Originally Posted by ClutchCargo
Then why oh why did you pick aviation?
My father grandfather and brother are all pilots. I took aviation as an elective in college and got an A without even trying. As with universities today aviation was promoted as another profession similar to that of doctor and lawyer. The university constantly paraded guys in their 20's in front of the class wearing major airline uniforms and driving new corvettes. We all were infused with the expectation of a coming pilot shortage that would assure us of getting hired at the major airline of our choice.
Without any other information to go on it seemed like a good investment so I abandoned my original major and switch to aviation. I was a natural and passed every class with A's or B's without hardly trying. I worked several jobs to pay my way through school and training and completed every rating in minimal time. The entire way I held the dream of making it to one of the west coast airlines that existed at the time. Upon graduation I had passed 727 flight engineer school and was ready to go to work.
Soon after the recession of the early 1990's hit. I spent the next 8 years living in my truck to keep the dream alive or in an employer provided hut in the Alaskan bush. After a while you become so invested that the idea of quitting is more painful than the prospect of continuing on a failing path. I stuck with it holding on to the promise of a hiring boom that never came.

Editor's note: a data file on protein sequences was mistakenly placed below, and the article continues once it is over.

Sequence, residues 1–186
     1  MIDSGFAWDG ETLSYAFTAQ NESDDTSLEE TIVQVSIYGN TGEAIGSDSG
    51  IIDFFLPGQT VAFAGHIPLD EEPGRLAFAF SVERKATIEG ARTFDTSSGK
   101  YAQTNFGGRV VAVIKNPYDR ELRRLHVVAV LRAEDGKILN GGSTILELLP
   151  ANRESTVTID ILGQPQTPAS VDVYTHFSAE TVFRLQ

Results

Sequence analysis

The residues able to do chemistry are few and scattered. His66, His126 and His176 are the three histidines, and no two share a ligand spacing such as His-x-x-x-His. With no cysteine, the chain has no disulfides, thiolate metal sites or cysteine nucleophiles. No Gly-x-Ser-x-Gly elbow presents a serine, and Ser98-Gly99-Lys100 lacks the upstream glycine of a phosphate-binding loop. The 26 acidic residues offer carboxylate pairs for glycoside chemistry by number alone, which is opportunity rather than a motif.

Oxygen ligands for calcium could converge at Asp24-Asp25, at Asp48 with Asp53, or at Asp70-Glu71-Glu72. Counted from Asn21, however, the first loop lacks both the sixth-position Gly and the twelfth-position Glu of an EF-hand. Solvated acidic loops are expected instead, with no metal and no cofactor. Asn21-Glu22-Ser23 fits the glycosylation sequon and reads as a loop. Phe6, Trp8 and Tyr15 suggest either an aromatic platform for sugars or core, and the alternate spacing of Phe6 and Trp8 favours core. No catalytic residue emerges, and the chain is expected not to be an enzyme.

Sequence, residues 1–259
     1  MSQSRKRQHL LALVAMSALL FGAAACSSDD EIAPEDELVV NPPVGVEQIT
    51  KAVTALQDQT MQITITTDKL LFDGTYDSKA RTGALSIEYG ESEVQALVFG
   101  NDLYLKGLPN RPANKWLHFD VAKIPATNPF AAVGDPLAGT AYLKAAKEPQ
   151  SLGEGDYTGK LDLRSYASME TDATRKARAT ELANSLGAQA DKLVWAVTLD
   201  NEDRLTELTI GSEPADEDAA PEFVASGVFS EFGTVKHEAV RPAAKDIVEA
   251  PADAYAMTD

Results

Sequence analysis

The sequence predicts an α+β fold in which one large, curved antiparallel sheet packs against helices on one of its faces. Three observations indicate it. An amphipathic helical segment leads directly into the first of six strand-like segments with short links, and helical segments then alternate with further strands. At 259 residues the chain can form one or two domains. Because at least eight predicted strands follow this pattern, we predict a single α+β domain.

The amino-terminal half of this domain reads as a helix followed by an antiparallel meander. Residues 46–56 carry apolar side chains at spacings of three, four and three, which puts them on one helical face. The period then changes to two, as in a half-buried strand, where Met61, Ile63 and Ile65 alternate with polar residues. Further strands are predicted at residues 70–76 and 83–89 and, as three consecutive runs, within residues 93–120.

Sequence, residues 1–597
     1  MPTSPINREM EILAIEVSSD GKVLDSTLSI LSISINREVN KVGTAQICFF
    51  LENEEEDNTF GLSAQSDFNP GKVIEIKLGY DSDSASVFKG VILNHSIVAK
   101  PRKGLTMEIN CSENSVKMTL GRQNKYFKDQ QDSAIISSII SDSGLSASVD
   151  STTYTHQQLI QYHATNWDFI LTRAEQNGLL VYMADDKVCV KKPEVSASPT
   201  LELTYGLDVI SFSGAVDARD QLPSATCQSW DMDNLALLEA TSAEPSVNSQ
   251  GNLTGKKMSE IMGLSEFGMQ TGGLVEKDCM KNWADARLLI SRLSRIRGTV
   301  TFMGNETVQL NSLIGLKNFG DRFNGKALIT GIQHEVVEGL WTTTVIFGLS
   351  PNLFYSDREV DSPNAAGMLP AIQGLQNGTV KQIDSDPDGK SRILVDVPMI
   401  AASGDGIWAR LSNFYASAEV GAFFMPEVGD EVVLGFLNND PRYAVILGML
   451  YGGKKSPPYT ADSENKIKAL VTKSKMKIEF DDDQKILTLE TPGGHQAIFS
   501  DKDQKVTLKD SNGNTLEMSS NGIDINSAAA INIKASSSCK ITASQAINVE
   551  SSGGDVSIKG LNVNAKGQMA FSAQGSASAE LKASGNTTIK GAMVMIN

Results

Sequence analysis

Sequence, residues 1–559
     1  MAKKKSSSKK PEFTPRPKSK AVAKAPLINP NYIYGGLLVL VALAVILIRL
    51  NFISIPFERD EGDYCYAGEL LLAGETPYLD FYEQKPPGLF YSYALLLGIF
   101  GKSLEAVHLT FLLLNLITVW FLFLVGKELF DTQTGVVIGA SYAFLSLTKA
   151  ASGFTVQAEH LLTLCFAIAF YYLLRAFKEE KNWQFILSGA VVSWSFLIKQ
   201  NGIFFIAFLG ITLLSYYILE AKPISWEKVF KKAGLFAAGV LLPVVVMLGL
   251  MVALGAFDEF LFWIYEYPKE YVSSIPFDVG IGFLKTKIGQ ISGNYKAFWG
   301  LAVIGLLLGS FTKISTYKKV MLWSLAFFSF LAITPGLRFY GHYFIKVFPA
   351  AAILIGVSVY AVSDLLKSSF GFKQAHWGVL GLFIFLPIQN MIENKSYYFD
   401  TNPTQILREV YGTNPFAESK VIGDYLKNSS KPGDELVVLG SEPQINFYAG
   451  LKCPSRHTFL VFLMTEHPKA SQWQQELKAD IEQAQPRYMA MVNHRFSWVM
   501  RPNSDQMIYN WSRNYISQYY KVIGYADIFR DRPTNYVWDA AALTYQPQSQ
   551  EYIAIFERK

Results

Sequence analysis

You know the rest. In the beginning I was as passionate about aviation as the next guy but after years of hardship and disappointment it began to fade. The worst part is that most of my peers fell by the wayside long ago. It probably would have been easier if I had a few peer success stories to cling to.
I climbed the ladder a long way only to find that the job at the top was little better than what a mailman earns. I wish APC was around 20 years ago. I was there and sacrificed for a long time. I wanted a rewarding career but what I got was a humiliatingly impoverished adventure instead.
On the dirt ramp in Alaska I showed my resume to a legacy airline captain and asked him what I should do to improve my situation. He took a close look at it then asked me "who do you know" (in the airlines)? No one, was my reply. Then he handed back my resume turned his head and said "not now, not ever" and walked away. Years later I had a similar experience at job fairs.
Out of my graduating class of 20 two made it to a legacy. One of the two quit to take a desk job. The other wishes he could quit. We were cannon fodder. Never had a chance.